But in 1662, at the same time, the parson at St Anne's in the Grove, Southowram was also expelled and his name was Gamaliel Marsden, further than that we don't know a thing about him, except that he was appointed in January of 166 1.
Oliver Heywood kept diaries which have since been printed and we know from them of the richer people who took their families to York for the winter and the winter fair in Halifax and the big Halifax Market.
On May Day and Midsummer's Day, the young Southowramites had dancing and games and cockfighting was popular around here. The diaries tell us too that the merriment often ended in fighting. In those days Southowrarn had a constable we know, but so far I've never run across a reference to a gaol.
Around about 1700, the citizens of Southowram had for the most part of their livelihood the trades of agriculture, quarrying, a coal mine or two and the cloth trade, which was done in their homes and presumably the cloth was taken to Halifax. Halifax had a cloth hall from as early as the reign of Queen Elizabeth 1. The old Cloth Hall stood somewhere near the top of Crown Street hence the place is still called Hall End.
I have an extract here from an agreement dated the 29th September 1705, which, I think I read 12 months ago, these are place names in Southowram in 1705. “The agreement is between Joseph Farnell, clothier, and John Smith, The Croft, called Bill Croft situated in Southowram abutting on lands of John Smith on the North Part, upon a lane called Pedlar Lane leading from Southowrome to Halifax on the west part. Upon another lane there leading from Southowrome aforesaid to Law Hill on the East parte, and upon High Street of Southowrome aforesaid on the South Part.”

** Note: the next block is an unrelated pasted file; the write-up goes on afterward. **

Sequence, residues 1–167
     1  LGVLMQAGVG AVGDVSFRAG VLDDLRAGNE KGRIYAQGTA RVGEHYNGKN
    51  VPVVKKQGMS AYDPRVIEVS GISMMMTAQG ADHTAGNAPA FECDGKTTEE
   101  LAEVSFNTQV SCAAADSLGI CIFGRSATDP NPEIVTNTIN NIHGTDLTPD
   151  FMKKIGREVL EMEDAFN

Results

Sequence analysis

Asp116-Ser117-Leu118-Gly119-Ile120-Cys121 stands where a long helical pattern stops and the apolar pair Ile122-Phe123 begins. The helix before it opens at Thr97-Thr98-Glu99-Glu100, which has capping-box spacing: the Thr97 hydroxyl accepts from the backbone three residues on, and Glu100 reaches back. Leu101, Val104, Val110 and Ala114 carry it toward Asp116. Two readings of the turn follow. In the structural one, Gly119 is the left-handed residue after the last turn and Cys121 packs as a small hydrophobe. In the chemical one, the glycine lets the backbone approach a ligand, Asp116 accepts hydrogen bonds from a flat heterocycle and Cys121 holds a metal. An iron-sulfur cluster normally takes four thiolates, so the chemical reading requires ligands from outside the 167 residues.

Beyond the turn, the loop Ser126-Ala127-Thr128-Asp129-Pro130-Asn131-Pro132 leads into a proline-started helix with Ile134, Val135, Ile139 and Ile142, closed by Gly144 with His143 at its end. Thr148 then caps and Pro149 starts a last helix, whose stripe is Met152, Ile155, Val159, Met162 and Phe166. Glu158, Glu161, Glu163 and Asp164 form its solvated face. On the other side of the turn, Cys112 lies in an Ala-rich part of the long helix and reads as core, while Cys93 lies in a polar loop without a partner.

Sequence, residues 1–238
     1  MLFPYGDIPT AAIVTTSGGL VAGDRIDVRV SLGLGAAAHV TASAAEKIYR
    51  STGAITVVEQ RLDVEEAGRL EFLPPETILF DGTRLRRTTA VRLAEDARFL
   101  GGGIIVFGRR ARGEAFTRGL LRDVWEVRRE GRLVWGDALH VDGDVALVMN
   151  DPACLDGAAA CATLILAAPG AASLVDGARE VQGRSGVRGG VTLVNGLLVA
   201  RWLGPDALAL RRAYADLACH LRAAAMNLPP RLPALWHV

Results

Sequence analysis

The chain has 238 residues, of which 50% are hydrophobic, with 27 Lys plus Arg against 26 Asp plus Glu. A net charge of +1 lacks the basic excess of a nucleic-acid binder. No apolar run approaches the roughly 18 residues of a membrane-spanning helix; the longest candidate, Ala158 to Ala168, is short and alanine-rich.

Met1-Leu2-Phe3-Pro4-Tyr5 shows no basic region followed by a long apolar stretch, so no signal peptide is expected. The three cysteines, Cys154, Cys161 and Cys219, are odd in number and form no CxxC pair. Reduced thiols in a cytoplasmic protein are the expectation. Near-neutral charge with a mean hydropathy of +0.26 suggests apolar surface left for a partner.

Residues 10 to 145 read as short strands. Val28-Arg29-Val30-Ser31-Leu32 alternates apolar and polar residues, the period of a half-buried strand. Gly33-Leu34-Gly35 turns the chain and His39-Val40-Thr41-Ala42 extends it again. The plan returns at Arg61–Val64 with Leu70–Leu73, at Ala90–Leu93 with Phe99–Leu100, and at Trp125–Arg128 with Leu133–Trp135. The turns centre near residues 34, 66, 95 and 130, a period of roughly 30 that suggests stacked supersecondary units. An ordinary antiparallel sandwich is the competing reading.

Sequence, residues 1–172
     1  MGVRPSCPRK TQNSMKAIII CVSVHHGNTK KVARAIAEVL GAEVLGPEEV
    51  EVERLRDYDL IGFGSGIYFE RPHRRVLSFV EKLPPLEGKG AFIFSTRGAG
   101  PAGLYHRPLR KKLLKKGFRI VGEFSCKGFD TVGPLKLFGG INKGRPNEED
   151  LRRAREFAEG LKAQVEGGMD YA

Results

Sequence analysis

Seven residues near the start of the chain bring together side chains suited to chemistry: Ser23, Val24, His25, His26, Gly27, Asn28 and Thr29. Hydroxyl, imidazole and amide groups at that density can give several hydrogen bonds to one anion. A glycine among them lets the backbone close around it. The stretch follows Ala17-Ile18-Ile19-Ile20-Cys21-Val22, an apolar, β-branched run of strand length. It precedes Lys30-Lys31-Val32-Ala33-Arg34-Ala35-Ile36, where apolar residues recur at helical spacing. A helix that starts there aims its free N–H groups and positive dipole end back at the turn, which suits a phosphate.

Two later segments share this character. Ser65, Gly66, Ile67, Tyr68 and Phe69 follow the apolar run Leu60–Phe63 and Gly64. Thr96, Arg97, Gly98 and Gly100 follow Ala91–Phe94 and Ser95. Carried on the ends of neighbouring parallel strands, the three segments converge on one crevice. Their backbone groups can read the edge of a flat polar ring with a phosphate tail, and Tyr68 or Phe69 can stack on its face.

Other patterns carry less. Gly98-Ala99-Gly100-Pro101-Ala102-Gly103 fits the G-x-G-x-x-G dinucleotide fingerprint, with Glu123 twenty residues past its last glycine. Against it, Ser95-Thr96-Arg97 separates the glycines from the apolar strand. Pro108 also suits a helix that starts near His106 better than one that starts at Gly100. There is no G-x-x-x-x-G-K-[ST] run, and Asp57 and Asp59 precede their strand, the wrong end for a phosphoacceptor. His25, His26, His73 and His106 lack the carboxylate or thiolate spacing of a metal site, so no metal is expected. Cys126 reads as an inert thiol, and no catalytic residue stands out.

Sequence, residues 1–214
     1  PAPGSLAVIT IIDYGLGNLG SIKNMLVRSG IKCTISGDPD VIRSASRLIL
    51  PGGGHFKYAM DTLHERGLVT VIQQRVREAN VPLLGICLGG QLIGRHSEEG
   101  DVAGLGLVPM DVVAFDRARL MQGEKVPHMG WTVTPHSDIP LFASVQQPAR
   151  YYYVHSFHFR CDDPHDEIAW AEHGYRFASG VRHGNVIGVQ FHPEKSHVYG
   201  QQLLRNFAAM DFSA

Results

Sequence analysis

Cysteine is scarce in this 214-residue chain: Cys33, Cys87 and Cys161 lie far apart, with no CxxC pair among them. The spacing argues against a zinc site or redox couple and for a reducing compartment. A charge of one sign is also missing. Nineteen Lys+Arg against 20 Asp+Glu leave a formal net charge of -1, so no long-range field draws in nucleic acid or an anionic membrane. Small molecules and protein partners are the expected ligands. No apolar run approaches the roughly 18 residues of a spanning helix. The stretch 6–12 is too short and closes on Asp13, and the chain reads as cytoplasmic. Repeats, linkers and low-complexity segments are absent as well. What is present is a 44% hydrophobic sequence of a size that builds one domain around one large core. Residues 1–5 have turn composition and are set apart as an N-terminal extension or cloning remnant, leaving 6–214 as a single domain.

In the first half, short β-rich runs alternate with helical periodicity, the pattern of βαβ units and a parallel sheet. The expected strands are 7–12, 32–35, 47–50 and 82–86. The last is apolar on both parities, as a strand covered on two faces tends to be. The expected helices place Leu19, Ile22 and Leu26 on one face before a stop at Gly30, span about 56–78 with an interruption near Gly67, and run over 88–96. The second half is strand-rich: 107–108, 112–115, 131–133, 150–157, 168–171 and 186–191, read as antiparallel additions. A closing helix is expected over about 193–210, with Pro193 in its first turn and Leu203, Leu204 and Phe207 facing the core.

So in 1705, Pinner Lane was Pedlar Lane, and Towngate was High Street and presumably, Bill Croft House was in use as a cloth producer. The names of some of these local made materials has charm, CALAMANCOE, CAMLET, GROGRAM, RUSSEL, SHALLOON AND AMENS. The last three at least were patterned.
About the middle of the 16th Century, the cloth makers of York, complaining of the competition of the West Riding clothiers, said that the men of Halifax, including Southowram, had 'fire', good and cheap. It certainly must have made the long winters more endurable to have local cheap coal than to gather firewood. But yet in Southowram, we had no strong running water to turn water wheels, so the looms were worked by hand.
In 1745, Bonnie Prince Charlie landed in Scotland and marched into England with his Highlanders, But on reaching Derby turned tail and went struggling back to Scotland. The Highlander split up, took the shortest route home and we have records of several fleeing through Halifax and district to miss being cut off by the Kings Army under General Guest who was born at Hove Edge and Major General, Sir Wm. Fawcett who was born at Shibden Hall, his mother being a Lister.